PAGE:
Youngsters fledge after about 32 days, and it used to be a time of year when everyone who owned a firearm would assemble at the rookery to shoot the young birds before they were strong enough to fly away. Timing was crucial; a few days too soon, and the birds would still be in the nest, a few days too late, and the whole lot would disappear after the first shot. May 12th was the chosen day, and the meat from the shot rooks was to be made into traditional rook pie, enjoyed by the entire village.

Cover crop attacks

How bad are rooks for game birds?

My own small wood hosts a small rookery of about 40 nests, but is also a roost for much larger numbers of mixed corvids, up to 1,000 strong. The only time these birds have caused me any kind of grief is when they have attacked the maize cover crops.  I have tried to discourage the roosting, by shooting them coming in, but the rooks have shown their intelligence by starting to arrive in a large flock when it is almost too dark to see. (Read is shooting rooks a crime?)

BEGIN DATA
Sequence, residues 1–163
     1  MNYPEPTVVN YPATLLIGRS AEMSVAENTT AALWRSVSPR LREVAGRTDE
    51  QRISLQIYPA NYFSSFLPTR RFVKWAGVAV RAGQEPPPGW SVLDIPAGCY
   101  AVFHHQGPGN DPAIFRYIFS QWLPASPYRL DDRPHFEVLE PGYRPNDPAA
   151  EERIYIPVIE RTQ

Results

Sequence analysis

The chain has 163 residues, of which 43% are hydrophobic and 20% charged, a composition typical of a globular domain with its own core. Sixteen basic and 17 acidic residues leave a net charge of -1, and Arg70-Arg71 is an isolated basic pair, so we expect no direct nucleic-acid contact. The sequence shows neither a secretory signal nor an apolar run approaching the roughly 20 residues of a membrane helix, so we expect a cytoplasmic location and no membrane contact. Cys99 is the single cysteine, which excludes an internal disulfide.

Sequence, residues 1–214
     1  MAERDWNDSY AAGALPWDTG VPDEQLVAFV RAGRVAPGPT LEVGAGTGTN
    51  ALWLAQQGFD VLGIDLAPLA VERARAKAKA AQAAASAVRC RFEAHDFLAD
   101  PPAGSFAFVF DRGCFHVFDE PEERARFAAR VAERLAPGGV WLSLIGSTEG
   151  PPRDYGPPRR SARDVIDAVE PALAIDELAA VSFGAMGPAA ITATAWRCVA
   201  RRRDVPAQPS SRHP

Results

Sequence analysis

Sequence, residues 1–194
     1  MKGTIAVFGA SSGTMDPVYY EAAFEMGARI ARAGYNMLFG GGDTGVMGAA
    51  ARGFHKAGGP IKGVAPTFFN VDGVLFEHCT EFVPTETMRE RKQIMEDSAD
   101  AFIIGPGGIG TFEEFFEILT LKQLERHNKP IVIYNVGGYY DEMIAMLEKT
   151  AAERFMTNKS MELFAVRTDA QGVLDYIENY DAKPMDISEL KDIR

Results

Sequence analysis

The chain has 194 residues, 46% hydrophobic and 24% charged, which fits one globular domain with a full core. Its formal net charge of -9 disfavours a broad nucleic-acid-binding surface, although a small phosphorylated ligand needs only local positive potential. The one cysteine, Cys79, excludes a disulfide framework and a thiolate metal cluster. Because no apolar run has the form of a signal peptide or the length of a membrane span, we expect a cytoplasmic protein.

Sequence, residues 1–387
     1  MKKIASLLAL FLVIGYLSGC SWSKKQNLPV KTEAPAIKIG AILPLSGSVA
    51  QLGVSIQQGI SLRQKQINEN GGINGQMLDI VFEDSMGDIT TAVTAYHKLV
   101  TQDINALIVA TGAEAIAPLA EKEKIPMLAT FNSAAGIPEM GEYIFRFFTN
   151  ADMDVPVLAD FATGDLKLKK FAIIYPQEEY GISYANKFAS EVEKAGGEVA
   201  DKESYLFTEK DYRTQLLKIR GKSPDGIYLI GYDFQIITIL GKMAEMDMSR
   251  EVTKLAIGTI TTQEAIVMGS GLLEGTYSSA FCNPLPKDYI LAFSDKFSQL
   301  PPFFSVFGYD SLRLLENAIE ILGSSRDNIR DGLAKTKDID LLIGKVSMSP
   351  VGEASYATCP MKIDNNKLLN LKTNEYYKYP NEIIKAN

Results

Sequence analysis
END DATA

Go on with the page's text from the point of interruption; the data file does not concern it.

Last word

Natural Resources Wales removed rooks from the general licence in October 2019 stating: ” Findings from the UK Breeding Bird Survey suggest that in Wales rook populations have significantly declined over both the long term (by 60% between 1994-2017) and in the short-term (by 50% between 2007-2017). Due to the significance of this population change, rook will not be included in the new General Licences.”

This article was originally published in 2014 and has been updated.